Really had trouble getting out of the gate (in the NW). I somehow never even saw 14D: Rio maker (KIA) and "AMERICAN PIE" in my first fumblings up top—those would've saved me a bunch of time. I tend to wait to look at themers until I have at least a few crosses (mistake today). Finally got some traction UBOAT and SBARRO (after trying to make PT BOAT work at 7D: 8-Down sinker (ASHCAN)). Once I got going, the puzzle played Medium, maybe even a little easier than Medium. I don't normally love cross-referenced clues, but the grammar enthusiast in me really would've loved to see such clues on the intersecting HER and SHE. Favorite clue of the day was probably [Mark in the 60s] for DEE.

Signed, Rex Parker, King of CrossWorld


Mark 12:03 AM  

Just like yesterday's, except with (useful for solving) flags instead of boxes, cleverer clues, and more difficulty all around, especially when I “knew” that Zapper target must of course be BUG.

jae 12:05 AM  

Easy-medium again for me, mostly because the "flag" answers were gimmes.  I hear AMERICAN PIE at least twice a week on my car radio plus I bought the album when it came out in 71.  The rest were pretty obvious.   Only problem was wanting a tribe (oto, ote, ???) instead of a vehicle for 1a (Is Steinberg old enough to remember VCRs?).  Cute theme with some very nice fill...CSI MIAMI, the SHE/HER cross, PAISAN, MOPPET,  AL GORE, INXS... lots to like and I did a lot more than Rex did.   Nice Thurs. David.  I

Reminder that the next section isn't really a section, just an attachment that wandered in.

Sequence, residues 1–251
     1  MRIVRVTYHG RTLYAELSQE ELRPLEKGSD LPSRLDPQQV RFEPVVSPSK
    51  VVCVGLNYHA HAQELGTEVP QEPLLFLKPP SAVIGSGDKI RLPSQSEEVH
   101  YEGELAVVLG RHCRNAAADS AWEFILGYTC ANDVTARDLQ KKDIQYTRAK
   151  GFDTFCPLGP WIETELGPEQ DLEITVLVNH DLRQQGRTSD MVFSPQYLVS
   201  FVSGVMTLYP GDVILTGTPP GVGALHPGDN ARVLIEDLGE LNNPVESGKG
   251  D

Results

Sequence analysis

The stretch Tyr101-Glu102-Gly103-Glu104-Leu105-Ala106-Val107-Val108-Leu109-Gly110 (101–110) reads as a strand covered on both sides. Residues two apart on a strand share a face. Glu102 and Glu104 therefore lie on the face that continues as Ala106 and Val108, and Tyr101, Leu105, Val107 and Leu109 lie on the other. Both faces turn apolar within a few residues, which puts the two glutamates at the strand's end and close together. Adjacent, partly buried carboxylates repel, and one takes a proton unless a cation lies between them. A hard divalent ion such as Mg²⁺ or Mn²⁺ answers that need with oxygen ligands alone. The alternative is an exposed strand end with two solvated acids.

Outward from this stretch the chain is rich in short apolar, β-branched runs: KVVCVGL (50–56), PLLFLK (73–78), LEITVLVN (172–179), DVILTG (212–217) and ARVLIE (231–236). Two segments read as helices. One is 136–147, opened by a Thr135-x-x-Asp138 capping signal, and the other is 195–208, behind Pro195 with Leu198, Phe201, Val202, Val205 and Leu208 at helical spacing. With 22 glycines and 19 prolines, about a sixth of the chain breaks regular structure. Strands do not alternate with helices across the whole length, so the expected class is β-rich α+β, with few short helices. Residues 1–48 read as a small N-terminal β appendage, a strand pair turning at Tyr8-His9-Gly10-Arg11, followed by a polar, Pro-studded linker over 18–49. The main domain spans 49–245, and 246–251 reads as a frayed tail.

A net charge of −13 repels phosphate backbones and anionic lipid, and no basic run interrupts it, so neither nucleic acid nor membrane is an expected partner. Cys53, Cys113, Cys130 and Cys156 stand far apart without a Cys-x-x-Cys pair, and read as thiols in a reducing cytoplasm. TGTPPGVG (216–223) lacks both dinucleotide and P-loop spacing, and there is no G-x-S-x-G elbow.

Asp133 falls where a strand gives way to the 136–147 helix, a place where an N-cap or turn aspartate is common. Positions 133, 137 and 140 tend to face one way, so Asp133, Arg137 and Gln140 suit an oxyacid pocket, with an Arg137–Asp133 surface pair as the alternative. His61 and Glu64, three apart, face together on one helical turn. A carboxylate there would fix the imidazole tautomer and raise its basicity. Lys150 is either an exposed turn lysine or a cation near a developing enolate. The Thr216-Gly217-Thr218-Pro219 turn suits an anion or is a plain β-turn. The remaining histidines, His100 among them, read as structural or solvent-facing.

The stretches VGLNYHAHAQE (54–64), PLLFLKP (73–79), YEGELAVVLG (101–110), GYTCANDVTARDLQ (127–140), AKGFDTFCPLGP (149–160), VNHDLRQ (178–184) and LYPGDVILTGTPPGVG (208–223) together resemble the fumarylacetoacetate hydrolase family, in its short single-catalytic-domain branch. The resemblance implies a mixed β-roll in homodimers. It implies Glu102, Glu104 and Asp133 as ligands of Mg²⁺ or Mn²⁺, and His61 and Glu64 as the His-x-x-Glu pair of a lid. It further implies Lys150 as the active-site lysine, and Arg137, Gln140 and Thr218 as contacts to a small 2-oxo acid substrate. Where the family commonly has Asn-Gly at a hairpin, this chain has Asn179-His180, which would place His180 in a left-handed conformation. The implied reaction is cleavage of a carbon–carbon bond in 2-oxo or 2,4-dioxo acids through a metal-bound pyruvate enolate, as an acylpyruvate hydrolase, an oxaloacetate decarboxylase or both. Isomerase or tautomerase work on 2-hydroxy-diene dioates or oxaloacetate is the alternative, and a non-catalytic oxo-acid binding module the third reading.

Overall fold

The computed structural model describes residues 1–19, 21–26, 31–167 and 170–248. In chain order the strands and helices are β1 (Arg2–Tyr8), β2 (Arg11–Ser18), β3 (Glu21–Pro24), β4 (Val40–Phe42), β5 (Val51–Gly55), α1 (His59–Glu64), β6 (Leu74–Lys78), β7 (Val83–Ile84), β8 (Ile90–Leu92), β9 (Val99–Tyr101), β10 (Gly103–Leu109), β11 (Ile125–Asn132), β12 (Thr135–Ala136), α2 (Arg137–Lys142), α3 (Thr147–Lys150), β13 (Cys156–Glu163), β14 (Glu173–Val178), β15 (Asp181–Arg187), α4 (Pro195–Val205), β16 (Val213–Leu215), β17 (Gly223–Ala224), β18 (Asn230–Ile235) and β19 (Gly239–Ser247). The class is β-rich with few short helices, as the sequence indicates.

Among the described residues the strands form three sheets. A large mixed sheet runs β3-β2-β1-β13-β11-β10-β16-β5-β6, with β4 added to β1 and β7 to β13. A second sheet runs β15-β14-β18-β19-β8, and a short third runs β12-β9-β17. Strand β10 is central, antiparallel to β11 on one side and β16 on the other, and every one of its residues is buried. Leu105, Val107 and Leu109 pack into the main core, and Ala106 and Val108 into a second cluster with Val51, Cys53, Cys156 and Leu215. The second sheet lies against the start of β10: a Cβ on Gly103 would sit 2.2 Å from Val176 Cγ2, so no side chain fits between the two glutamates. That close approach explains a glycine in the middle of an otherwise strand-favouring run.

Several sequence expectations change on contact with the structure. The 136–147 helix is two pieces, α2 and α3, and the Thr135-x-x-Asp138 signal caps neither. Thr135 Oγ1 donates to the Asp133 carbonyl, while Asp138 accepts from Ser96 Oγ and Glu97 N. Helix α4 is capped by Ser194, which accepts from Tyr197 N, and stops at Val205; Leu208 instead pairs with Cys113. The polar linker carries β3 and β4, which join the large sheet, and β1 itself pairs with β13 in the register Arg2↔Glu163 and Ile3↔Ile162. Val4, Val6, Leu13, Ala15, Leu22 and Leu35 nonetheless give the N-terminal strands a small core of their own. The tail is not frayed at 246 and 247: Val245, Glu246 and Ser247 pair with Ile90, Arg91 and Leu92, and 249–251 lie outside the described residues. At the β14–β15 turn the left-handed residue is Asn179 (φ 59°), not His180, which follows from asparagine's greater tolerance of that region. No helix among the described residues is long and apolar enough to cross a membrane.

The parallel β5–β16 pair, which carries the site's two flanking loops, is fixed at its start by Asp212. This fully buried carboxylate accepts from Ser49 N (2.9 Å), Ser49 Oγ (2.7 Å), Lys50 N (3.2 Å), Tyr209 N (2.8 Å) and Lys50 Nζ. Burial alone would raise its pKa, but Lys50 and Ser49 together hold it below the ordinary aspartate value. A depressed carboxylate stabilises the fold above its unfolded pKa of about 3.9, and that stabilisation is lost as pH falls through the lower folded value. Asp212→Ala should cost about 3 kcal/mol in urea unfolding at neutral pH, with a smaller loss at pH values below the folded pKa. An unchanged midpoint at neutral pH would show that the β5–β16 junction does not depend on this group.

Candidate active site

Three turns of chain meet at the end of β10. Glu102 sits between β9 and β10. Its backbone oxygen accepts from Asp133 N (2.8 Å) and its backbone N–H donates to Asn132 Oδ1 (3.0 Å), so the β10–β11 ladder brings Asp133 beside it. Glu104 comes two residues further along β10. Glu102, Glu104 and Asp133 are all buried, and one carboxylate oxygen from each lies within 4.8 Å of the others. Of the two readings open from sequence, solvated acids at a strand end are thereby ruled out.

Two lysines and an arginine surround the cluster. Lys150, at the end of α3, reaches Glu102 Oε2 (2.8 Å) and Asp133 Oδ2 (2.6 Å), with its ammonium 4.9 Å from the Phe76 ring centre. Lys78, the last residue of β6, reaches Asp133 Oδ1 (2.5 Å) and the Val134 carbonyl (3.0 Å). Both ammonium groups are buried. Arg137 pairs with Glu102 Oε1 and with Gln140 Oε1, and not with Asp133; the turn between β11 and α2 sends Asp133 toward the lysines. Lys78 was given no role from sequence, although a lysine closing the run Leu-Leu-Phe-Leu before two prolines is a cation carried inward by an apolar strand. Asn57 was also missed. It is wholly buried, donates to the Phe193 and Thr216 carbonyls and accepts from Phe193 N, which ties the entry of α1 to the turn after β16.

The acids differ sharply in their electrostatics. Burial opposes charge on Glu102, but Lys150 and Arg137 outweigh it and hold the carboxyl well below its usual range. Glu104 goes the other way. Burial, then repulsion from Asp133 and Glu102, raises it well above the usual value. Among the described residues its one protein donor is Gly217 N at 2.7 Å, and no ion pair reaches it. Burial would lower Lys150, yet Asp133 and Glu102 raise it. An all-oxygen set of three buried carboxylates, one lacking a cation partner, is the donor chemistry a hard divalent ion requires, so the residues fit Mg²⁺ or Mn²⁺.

wreck 12:18 AM  

I liked it a lot! Played more like a Wednesday for me, but I thought it was clued well. I was scratching my head trying to figure out how "made it" was "TAGGED." It wasn't until I read Jeff Chen's write-up, that I realized it referred to the game of "Tag" (you're IT!). Brilliant!

Disappointed 12:26 AM  

What's a BLACK FLAG, other than a flag that's black? Does it mean anything other than a brand of cockroach killer? A CHECKERED flag means something, as does RED flag. Raising the WHITE flag means quitting, and AMERICAN flag has no metaphorical meaning, but does a BLACK flag even mean anything? How does a PIRATE flag even fit in here?

Just a bunch of flags.

Anonymous 12:31 AM  

Having never used "ute" to mean SUV nor referred to a remote control as a "zapper made the NW quite hard for me. Couldn't see what was going on there at all.

Moly Shu 12:38 AM